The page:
Monday, July 22, 2024

Supreme Court calls for new North Carolina districts but no rush for special elections

U.S. Supreme Court Building. (Photo by Christina Haley)
U.S. Supreme Court Building. (Port City Photo/FILE PHOTO)

WASHINGTON, D.C. — The Supreme Court today affirmed that North Carolina’s state legislative districts were the result of “unconstitutional racial gerrymanders.” However, there will be no rush to redraw districts, shorten terms or hold new elections.

In the short brief filed by the Court on Monday, June 5, the justices decided without dissent to affirm the August 2016 ruling of the United States District Court for the Middle District of North Carolina. The case of North Carolina vs. Sandra Little Covington concerned the heated topic of gerrymandering; the Supreme Court ruled on North Carolina’s congressional districts recently, finding those districts were also unconstitutional (they have since been withdrawn).

The 2016 District Court ruling found that the new legislative districts drawn by the Republican-majority general assembly in 2011 used race as the “predominant factor,” but that none of the redistricting was “supported by a strong basis in evidence.”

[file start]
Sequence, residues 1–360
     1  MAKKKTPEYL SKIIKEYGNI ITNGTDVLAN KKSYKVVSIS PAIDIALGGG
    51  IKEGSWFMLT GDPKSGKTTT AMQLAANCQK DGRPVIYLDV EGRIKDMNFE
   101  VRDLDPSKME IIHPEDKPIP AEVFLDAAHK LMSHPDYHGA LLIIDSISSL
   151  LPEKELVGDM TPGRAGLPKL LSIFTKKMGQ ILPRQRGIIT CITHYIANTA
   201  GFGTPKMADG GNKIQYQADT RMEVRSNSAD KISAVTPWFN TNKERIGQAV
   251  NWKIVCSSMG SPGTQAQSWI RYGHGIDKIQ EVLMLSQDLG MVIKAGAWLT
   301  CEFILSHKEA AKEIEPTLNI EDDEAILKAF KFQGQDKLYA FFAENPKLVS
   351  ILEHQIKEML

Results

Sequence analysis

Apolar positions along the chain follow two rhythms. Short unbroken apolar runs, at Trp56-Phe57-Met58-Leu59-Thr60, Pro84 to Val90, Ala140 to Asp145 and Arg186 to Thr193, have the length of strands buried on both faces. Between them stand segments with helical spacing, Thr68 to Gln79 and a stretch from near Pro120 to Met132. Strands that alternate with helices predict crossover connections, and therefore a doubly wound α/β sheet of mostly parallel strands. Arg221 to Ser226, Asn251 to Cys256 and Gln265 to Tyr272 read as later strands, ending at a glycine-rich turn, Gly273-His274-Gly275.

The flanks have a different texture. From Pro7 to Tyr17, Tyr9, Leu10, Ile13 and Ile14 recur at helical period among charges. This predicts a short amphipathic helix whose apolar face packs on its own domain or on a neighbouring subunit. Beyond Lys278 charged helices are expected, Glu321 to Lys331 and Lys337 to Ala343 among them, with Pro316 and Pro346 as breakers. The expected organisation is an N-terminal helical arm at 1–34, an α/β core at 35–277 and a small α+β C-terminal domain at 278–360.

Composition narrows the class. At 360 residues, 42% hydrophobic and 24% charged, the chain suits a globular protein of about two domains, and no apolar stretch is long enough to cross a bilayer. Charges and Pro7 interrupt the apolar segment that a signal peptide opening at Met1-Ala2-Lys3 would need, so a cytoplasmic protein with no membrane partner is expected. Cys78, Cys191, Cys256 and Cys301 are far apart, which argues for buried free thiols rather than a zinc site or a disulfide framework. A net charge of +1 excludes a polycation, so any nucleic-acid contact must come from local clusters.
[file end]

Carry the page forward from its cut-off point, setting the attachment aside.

While the Court agreed the 2011 legislative districts were deliberately drawn to shift African Americans into some districts – and out of others – they vacated other aspects of the District Court’s findings.

The District Court had called for new districts to be drawn up by the now-expired deadline of March 2017. It also called for any North Carolina legislator elected in 2016 to have their term shortened to a one-year period and for special elections to be held in the fall of 2017.

The District Court acknowledged the cost and disruption of these measures, but stated in its findings that, “while special elections have costs, those costs pale in comparison to the injury caused by allowing citizens to continue to be represents by legislators elected pursuant to a racial gerrymander.”

The Supreme Court struck down these parts of the lower court’s finding, arguing that it had “addressed the balances of equities in only the most cursory fashion.”

In short, the Court agreed that the 2011 redistricting was unconstitutional but demanded the lower court reconsider a more reasonable time-frame for new districts and elections.

Related Articles